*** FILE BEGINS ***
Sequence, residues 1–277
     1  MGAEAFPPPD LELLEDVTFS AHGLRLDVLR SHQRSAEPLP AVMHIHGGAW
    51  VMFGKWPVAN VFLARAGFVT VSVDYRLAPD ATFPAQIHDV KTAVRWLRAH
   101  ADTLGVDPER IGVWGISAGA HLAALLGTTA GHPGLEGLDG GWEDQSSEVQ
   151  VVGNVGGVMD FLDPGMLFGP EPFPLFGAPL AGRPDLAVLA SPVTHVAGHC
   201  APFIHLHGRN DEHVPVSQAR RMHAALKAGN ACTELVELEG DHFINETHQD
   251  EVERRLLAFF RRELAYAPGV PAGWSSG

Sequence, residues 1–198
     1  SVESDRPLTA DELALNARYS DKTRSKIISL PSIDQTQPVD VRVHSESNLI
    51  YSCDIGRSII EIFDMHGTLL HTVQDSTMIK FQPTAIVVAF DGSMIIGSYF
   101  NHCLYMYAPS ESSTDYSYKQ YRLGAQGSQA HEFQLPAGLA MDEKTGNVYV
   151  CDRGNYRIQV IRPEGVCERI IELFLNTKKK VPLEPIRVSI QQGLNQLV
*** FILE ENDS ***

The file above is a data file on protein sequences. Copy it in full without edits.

Sequence, residues 1–277
     1  MGAEAFPPPD LELLEDVTFS AHGLRLDVLR SHQRSAEPLP AVMHIHGGAW
    51  VMFGKWPVAN VFLARAGFVT VSVDYRLAPD ATFPAQIHDV KTAVRWLRAH
   101  ADTLGVDPER IGVWGISAGA HLAALLGTTA GHPGLEGLDG GWEDQSSEVQ
   151  VVGNVGGVMD FLDPGMLFGP EPFPLFGAPL AGRPDLAVLA SPVTHVAGHC
   201  APFIHLHGRN DEHVPVSQAR RMHAALKAGN ACTELVELEG DHFINETHQD
   251  EVERRLLAFF RRELAYAPGV PAGWSSG

Sequence, residues 1–198
     1  SVESDRPLTA DELALNARYS DKTRSKIISL PSIDQTQPVD VRVHSESNLI
    51  YSCDIGRSII EIFDMHGTLL HTVQDSTMIK FQPTAIVVAF DGSMIIGSYF
   101  NHCLYMYAPS ESSTDYSYKQ YRLGAQGSQA HEFQLPAGLA MDEKTGNVYV
   151  CDRGNYRIQV IRPEGVCERI IELFLNTKKK VPLEPIRVSI QQGLNQLV